With official encouragement, Patterson now directed Gobrecht to begin work on a steel die to illustrate the design. The fusible alloy (lead with some tin and antimony) strikes from the brass die of early January had been passed around to a number of people in the Philadelphia area for comments and criticisms beyond those made by the president and Treasury Department. Several suggestions were incorporated into the first steel die, also only an obverse. The reverse could not be started because artist Titian Peale had yet to satisfy Patterson with a drawing that met the director's expectations.
Pattern Gold Dollars
Treasury Secretary Levi Woodbury had long been interested in the coinage of a gold dollar by the United States, a passion not shared by Director Patterson. In fact the director did everything he could think of to dissuade the Treasury from even considering such an idea. One of his principal arguments was that only second-rate countries issued gold coins of such small size. Woodbury remained convinced that he was correct and persuaded the president to let him have patterns struck to illustrate the idea. In January 1836 Patterson reluctantly ordered Gobrecht to drop his work on the revised silver dollar obverse die for the time being and concentrate on the gold dollar.
The pattern gold dollars were struck in March 1836 (their design, liberty cap and rays, reminiscent of a Mexican motif), but little more was heard on this subject for some years. When government officials revived the gold dollar, project in, 1844, Patterson ordered restrikes from the 1836 dies; these have dies aligned "medal turn," unlike the originals.
At the same time as the gold dollar dies were being executed, Gobrecht and Franklin Peale (the melter and refiner) collaborated on the production of a pair of medal dies to celebrate the scheduled introduction of steam coinage at the Philadelphia Mint on Washington's birthday anniversary, February 22, 1836. The dies were ready in time but the ceremony was delayed for mechanical reasons and not actually held until March 23. Gobrecht altered the" date side die from FEB. 22 to MAR. 23. Cent planchets served as blanks. Quite a few of the medals were struck for visitors and official purposes. Few bore the date FEB. 22; most had the altered date. Later copies sold by the Mint have the date MAR. 23 with no trace of alteration.
Silver Dollar Work Resumes
Once the gold dollar and steam coinage medal dies were out of the way, Gobrecht was able to resume work on the second obverse of the new silver dollar. By the first week of April 1836 this die had been completed and hardened for use. On April 9 the director sent some uniface strikes to the Treasury Department in Washington, D.C.
The new obverse die was a considerable improvement over the first, and those who saw specimens struck from it recognized this with ease. The president was complimentary as were the Philadelphia artisans and others who were asked their candid opinions on the subject. Patterson had good reason to be pleased.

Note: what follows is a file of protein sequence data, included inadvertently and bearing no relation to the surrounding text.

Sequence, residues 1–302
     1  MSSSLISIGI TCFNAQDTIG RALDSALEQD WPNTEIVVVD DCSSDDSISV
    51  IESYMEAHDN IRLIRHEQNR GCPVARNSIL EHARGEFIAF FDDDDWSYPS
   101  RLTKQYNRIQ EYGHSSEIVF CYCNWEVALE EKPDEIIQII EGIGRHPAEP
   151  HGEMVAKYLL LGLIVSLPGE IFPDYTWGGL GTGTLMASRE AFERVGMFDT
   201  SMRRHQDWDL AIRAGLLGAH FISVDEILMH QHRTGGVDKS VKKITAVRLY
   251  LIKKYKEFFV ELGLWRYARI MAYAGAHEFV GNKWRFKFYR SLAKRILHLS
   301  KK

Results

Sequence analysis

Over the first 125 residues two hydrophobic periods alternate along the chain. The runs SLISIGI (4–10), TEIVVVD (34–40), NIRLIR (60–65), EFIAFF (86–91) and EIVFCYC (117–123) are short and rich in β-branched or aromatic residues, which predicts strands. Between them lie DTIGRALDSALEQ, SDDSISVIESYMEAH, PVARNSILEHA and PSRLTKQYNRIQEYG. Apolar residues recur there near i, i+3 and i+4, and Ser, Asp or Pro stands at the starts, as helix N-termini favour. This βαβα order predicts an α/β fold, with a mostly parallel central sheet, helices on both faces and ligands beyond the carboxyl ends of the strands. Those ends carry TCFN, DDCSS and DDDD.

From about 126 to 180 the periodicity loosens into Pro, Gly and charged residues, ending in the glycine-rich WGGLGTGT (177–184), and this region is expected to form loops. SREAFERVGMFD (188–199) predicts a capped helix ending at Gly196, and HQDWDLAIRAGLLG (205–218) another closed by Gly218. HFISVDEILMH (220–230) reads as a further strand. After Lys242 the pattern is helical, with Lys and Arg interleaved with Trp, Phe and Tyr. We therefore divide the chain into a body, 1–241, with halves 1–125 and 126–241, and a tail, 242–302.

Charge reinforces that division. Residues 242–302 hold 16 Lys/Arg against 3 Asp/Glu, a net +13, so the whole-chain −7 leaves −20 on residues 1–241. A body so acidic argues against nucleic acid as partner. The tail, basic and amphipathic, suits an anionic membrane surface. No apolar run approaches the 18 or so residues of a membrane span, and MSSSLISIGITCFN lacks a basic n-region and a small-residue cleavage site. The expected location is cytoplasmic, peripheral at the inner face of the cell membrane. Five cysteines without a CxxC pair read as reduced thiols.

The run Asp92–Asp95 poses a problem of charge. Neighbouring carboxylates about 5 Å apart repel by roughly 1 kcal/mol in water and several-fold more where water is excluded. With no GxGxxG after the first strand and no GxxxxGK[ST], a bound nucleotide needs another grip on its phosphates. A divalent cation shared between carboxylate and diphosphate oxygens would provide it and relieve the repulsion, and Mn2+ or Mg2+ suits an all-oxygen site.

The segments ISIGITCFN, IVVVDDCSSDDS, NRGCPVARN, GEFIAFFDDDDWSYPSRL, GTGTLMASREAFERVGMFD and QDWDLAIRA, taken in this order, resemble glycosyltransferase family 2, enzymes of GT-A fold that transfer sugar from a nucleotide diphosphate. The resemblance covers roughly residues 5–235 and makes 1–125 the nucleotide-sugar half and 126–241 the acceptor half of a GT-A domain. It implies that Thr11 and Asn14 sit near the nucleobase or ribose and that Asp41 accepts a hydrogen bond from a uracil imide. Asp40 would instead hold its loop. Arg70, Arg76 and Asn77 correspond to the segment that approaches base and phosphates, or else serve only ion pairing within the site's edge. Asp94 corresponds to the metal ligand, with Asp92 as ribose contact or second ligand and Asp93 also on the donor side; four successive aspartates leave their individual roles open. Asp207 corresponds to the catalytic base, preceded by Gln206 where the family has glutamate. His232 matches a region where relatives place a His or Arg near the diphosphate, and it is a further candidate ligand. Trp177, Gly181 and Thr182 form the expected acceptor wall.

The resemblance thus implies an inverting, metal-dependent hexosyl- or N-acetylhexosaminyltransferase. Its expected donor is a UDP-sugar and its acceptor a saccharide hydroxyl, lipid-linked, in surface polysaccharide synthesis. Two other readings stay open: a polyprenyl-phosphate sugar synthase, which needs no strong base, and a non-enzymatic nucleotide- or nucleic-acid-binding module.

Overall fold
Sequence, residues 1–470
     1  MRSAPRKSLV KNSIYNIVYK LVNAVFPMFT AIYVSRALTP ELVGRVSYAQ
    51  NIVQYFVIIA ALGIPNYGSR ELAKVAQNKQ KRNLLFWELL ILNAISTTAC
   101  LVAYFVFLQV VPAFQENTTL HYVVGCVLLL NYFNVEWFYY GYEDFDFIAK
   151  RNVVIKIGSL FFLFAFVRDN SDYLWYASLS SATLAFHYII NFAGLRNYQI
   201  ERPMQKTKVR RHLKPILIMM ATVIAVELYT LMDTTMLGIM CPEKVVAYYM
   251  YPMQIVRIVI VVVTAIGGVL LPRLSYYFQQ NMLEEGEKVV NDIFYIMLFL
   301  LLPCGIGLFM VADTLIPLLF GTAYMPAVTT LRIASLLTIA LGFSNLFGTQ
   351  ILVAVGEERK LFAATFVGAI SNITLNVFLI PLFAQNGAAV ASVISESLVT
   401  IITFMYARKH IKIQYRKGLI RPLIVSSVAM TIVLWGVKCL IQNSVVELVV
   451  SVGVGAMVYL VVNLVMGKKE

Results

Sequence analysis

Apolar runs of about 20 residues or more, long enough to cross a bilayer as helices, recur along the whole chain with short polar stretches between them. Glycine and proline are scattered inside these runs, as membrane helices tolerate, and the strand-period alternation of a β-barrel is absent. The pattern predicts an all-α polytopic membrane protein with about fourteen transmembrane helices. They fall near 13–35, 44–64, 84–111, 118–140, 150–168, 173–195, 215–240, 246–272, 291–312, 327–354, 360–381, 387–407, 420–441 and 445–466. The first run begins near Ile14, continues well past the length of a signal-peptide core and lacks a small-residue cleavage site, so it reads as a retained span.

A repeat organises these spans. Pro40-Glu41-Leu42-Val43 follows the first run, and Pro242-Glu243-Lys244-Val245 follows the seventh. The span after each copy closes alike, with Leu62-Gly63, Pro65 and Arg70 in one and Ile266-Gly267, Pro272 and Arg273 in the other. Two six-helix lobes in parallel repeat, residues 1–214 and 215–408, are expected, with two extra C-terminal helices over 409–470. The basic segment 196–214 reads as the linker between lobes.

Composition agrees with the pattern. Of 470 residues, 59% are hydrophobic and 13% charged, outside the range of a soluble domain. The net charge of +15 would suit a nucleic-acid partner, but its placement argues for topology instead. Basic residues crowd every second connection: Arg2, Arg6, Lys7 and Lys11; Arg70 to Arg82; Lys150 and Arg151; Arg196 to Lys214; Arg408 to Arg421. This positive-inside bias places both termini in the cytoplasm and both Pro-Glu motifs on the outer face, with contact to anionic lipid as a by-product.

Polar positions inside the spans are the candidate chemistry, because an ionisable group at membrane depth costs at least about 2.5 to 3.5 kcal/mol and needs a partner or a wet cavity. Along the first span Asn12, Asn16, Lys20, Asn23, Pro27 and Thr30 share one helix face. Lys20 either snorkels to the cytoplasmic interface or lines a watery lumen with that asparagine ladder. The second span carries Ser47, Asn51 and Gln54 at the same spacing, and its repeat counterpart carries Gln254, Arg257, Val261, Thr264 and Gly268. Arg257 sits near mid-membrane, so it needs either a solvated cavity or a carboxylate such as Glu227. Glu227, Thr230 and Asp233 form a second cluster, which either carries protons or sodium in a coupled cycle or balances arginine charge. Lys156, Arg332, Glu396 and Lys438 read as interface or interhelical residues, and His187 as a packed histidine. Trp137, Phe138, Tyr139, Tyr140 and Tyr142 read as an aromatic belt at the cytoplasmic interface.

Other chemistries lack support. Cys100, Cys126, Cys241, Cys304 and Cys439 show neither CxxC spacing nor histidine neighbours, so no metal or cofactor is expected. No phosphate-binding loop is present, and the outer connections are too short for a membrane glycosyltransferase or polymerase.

With the April 9 letter to the Treasury, Patterson also included the best of some 30 drawings that had been done by Titian Peale in an effort to meet the director's exacting demands. The latest, and best, featured "a bird, recently killed" which had been placed in the proper 'position for the artist. (In Mint lore, the eagle in question is said to have been drawn from life from "Peter," a pet which lived at the Mint for six years and was free to come and go as he pleased, until he met his death one day by perching on a rotating flywheel. Peter, stuffed and mounted, is exhibited in a plastic case in the lobby of the Philadelphia Mint. In his present form, Peter bears scant resemblance to the eagle on the 1836 silver dollar.) Â It had been Patterson's requirement that the bird be flying "onward and upward" as this symbolized the United States itself and the unbounded optimism her citizens had about the future.
Originally the bird was to have had a scroll in its claws with the words "E Pluribus Unum," but Patterson soon scrapped this idea as he did not think the motto belonged on the coinage. As far as the director was concerned, the motto was nothing more than a restatement of "United States of America" and could be dispensed with unless the actual Great Seal was being used on the reverse of the coinage, as was done from 1796 through 1807. (The so-called Heraldic Eagle reverse first appeared on the 1796 quarter eagle. 1795-dated half eagles with this reverse were struck later, c. 1798.)
Midway through the sketches being prepared by Peale, Patterson decided that the usual olive branches and arrows, symbolizing peace and war, should go in the talons of the eagle, but this idea was also dropped. The eagle was in flight and was not to carry anything. It was with this last thought in mind that the best drawing was sent to Washington. At this point the director had a sudden inspiration which did not get a good audience in the capital. President Jackson had just won a major diplomatic victory against the French government over some claims dating from the undeclared naval war of 1799-1800, and a large indemnity was in the process of being paid. Patterson suggested coining the golden windfall with the new designs then under consideration for the silver dollar, but Treasury Secretary Levi Woodbury threw cold water on the idea and it was not brought up again.